The comprehensive concept of curriculum has become the Faculty vehicle for placing patients'/clients' health issues and students' learning needs at the centre of restructuring. A diverse student body and evolving clinical training platform has created opportunities for new and different dialogues between teachers, students and patients/clients through reflective practice and assessment. The curriculum design principles of inclusiveness, participation and social responsiveness mirror the primary healthcare (PHC) approach. Furthermore, a client/patient-centred approach that strengthens inclusivity and participation has been given impetus with the integration of two of the indigenous languages, most frequently spoken in the Western Cape, and cultural competences into all curricula.
Increasing numbers of staff recognise the need to enhance their professional development in educational practice and to acknowledge the implications of the PHC philosophy in their teaching. Developments in undergraduate curricula have significantly realised the intentions of the 1994 FHS's Assembly to promote a continuous process of reflection and action to align curricula with social responsiveness and changes in the national health and higher education policies.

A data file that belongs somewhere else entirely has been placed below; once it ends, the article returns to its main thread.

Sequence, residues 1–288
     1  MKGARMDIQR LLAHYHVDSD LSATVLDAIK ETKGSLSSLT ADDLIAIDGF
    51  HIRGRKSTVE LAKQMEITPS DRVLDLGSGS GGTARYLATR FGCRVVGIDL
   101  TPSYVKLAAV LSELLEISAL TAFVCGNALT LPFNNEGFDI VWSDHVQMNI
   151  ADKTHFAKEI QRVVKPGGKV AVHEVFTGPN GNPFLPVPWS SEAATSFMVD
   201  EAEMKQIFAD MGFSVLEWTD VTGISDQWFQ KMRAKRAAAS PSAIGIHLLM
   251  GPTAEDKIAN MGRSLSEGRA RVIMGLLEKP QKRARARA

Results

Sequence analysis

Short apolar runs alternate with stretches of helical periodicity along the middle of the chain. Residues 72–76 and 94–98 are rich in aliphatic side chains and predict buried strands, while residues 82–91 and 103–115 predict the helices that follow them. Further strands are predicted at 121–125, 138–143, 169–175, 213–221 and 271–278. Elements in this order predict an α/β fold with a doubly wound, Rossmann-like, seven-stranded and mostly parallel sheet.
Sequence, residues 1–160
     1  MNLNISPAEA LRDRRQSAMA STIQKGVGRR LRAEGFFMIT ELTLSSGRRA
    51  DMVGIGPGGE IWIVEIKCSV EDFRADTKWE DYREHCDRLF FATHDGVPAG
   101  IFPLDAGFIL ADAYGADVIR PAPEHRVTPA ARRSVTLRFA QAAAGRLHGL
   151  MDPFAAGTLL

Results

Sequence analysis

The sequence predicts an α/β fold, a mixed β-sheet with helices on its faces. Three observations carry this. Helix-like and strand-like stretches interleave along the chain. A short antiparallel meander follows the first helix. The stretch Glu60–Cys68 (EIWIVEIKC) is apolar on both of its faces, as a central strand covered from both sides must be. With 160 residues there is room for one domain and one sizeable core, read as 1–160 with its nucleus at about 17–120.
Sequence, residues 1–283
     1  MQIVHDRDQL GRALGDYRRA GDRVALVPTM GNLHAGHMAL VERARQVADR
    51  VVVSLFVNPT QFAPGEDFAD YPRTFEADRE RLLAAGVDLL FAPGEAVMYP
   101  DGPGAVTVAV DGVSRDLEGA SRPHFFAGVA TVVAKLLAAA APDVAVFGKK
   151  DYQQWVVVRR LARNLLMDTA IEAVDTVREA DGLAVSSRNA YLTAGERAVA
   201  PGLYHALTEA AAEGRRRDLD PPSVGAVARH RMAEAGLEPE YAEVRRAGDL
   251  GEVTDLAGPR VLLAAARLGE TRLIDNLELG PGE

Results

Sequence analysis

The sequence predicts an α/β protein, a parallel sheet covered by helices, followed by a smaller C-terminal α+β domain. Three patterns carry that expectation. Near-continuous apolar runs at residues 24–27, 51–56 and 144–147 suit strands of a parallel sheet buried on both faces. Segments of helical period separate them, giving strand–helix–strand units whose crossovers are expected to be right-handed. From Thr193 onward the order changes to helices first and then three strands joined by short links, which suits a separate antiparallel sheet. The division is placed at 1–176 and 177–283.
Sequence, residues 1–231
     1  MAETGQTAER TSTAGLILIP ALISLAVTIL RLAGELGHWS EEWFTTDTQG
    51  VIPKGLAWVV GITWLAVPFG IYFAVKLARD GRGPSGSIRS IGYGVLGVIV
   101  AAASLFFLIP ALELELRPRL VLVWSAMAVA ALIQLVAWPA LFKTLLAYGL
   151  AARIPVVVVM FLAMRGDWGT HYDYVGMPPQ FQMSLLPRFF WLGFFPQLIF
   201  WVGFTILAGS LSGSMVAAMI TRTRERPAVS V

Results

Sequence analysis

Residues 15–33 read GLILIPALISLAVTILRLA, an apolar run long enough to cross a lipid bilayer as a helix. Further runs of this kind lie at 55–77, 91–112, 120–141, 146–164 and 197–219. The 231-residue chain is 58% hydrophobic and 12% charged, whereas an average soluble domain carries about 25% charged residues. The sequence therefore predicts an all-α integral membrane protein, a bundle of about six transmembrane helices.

Undergraduate curriculum changes
In 1994 the Faculty chose participation, inclusivity and social justice, which exemplify the PHC approach, as the lead theme to move away from the past injustices and exclusivity in health sciences education. PHC means health for all as a fundamental human right - not health for some who are fortunate to have access to care, and second-rate care for the rest. In addition to healthcare for those who fall ill or are disabled and present to health practitioners, it also means prevention and health promotion for the population at risk. The Faculty required redefining the types of graduates from all educational programmes, who would be responsive to the health needs of the country.